Male Ring-Necked Ducks do have a white band around their bill, near the tip, and a thin white line that outlines the base of the bill near the face. His body is black and his sides are gray.
Females are brown. They do have the white band on their bill, but they don’t have the ring around the base of the bill. However, their face is pale near the base of the bill.
Ring-Necked Ducks do something that few other duck species do: they stay with their young until they are ready to fly. Most ducklings become independent very quickly, but Ring-Necked Ducks stay close to their young.
Ruddy Duck (Diving Duck)
- Oxyura jamaicensis
- Length: 14 – 16 in (35.56 – 40.64 cm)
- Weight: 28.04 oz (795 g)
- Wingspan: 21 – 24 in (53 – 61 cm)
Ruddy Ducks are year-round residents of central New Mexico. They breed in the northern half of the state and spend the winter in the southeast corner. Their breeding habitat is made up of fresh marshes, ponds, and lakes.
Breeding season male Ruddy Ducks are dark brown with black heads. They have a large white patch on their cheeks and a thick, wide blue bill. After they molt for the fall, their overall coloring is dull gray.
Females are dappled in brown, and they have a gray patch on their cheeks. Their broad bill is black instead of blue.
There is a big difference between how Ruddy Ducks are perceived in the US vs. the UK. In North America, they are a native species that is quite common and inconsequential in most conservationist spaces. However, in the UK, they are a problematic invasive species.
They were introduced to the UK in the 1930s-1940s as captive ducks. When some individuals escaped, they began to thrive in the 1950s.
The problem is that they are so successful at interbreeding with the native White-Headed Duck that they are threatening the White-Headed Duck’s survival.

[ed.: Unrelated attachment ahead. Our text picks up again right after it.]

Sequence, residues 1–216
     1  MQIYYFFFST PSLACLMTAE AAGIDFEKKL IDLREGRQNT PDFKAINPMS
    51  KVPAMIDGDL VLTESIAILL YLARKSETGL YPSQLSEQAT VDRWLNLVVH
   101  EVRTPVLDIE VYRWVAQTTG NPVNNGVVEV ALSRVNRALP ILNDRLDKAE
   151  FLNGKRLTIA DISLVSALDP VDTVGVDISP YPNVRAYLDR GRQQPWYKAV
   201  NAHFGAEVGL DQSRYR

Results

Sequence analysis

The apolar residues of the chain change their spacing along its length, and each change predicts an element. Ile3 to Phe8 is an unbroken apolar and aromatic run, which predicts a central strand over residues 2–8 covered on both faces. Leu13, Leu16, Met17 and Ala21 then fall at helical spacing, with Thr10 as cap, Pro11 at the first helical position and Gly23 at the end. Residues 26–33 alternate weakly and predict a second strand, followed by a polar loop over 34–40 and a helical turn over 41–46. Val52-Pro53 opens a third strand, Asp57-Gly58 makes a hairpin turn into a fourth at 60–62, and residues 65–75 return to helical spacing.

Today, European communities are trying to eradicate wild populations of Ruddy Ducks to protect other native species.
Wood Duck (Dabbling Duck)
- Aix sponsa
- Length: 18.5 – 21.3 in (47 – 54 cm)
- Weight: 16.0 – 30.4 oz (454 – 862 g)
- Wingspan: 26.0 – 28.7 in (66 – 73 cm)
Wood Ducks are among the first ducks to leave their northern breeding habitats, which means they arrive earlier in New Mexico than other ducks who winter here. They are found throughout the state, usually in wooded wetlands.
The male Wood Duck has dramatic coloring: buff sides, chestnut brown breast, iridescent green head, multi-colored bill, and white stripes all over his body. He also has a long crest that angles downward toward the back of his neck.
The female Wood Duck has a gray head and brown body. She has a smaller crest. Perhaps the most striking thing about her is her eyes, which are outlined in white.
Wood Ducks are cavity dwellers who prefer dead trees, abandoned woodpecker holes, and nesting boxes.
They will not typically practice brood parasitism, but they will if their nests are too close together. This is true if someone puts up too many nest boxes in one area, too.
The Final Word on Ducks in New Mexico
Searching for, finding, and identifying ducks in New Mexico is a wonderful pastime!
Although there are fewer kinds of ducks in New Mexico than in many other states, there are still plenty of ducks to be found in the wetlands, inland lakes, rivers, and other waterways of the Land of Enchantment.
Of course, bird watchers are not limited to spotting ducks here! You can also find incredible birds here! Not all birds have the water needs of ducks, which means that even in New Mexico’s arid deserts, you’ll find plenty of birds that have the perfect adaptations for these areas.
Whether you live in New Mexico or are visiting, watch for the ducks that live here year-round or visit.
In most of the state, you will probably see more ducks in the winter than in the summer, but if you are near the Rio Grande, you should have many opportunities to see ducks year-round.
Collect your best birding gear (standard binoculars, compact binoculars, spotting scopes, a notebook and pencil, a good pair of shoes, and a birding guide) and head out to find some fascinating ducks in New Mexico!